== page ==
Noventri chops power consumption, bills, and proves it

November 2, 2010 by Dave Haynes

The guys at Noventri have taken what I would describe as an unorthodox approach to marketing in the last couple of years.

Without belaboring it (you can search if you want off the home page), my eyebrows automatically arch when I see a press release from the Maryland-based company.

The brows were up again Monday when a release moved about how Noventri’s “Eco-Flight Board” technology and green digital signage player can save roughly “$250 per screen per year over standard PC technology.”

Hmmm, I thought. That seems like a pretty big savings, given the US Department of Energy suggests a typical PC would use $72 a year in juice at market electricity rates. How do you shave $250 off $72?

So I asked.

Noventri’s Andrew Hoffman got back to me quickly, and ‘splained things. What the release is really trying to convey (there’s a certain lack of clarity) is that the energy savings is for both the media player and the juice-guzzling LCD.

What they do is use a fanless player that only uses four watts or less of power to drive a screen, and they tested, tweaked and got consumption way down on an LCD by adjusting it to half-brightness.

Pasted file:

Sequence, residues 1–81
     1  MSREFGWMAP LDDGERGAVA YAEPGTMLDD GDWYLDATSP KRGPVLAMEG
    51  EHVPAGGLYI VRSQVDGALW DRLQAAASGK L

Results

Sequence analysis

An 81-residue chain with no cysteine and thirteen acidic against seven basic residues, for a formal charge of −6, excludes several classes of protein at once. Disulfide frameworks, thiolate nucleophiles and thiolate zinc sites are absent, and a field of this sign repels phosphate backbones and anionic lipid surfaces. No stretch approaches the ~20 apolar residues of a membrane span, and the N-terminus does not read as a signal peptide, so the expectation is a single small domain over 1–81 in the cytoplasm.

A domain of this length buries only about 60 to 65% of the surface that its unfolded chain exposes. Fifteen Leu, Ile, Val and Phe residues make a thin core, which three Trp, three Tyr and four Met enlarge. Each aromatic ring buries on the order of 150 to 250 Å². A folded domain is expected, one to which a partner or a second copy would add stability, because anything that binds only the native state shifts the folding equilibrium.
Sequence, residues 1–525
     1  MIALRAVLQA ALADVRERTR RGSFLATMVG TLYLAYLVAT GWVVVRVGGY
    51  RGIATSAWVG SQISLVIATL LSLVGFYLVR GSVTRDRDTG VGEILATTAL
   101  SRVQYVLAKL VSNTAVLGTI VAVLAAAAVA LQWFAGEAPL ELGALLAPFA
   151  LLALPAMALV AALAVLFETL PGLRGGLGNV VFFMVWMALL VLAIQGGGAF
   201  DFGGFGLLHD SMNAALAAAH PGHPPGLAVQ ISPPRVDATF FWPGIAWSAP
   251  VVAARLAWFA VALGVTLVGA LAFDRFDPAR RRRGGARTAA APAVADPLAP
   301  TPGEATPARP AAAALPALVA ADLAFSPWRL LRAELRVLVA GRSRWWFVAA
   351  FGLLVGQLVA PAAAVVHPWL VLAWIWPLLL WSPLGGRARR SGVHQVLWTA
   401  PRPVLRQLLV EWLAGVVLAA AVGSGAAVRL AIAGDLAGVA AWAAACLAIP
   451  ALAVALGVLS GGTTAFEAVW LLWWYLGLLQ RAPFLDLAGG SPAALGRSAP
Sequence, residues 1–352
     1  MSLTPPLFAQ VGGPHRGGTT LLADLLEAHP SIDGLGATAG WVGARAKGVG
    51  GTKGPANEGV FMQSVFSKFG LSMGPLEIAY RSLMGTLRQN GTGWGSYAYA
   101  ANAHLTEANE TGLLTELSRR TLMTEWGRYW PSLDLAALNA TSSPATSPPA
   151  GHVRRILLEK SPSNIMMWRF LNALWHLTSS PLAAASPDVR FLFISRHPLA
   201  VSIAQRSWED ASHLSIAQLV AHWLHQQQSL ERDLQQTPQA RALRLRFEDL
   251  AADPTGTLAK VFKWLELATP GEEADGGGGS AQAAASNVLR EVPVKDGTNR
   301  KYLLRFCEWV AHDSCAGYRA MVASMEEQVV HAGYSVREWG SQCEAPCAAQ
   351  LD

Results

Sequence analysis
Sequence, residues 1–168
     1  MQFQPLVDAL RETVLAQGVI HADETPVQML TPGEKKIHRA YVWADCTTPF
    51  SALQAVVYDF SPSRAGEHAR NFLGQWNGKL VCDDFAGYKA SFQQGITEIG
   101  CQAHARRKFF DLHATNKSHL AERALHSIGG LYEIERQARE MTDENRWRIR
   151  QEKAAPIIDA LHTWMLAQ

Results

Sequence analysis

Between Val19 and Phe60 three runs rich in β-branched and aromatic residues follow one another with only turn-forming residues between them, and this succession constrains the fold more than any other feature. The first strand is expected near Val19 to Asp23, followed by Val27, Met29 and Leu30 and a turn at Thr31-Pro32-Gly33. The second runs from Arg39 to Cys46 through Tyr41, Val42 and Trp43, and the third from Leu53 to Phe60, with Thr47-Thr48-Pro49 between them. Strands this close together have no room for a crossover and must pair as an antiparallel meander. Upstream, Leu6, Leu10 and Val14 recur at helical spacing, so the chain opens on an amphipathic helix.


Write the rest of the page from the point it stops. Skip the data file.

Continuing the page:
“Our tests showed that we saved 90 watts by turning the brightness down on our display to half,” says Hoffman. “This only makes sense, of course, if you reduce it enough for the display to still be viewable.”

“Our display looks great at half brightness. We set it next to a plasma and it’s still brighter so we felt this was the ideal setting to limit power consumption. It especially looks great with our SF-100e hooked up to it. Total power draw is 154 watts. This ends up being 1,349 kWh/year running 24/7. The new cost per year is $134.90. That’s a savings of $250.”

The full rationale is here.

Interesting. On a day to day basis, it probably seems trivial but energy costs over weeks, months and years, across many units, can roll up to a big number. It will be more and more of an issue as energy costs climb. Cranking the brightness way down would worry me a little, but seeing is believing, I suppose. One of the messages here is that it is the display much more than the PC that’s sucking energy – though LED-backlits certainly help address that.

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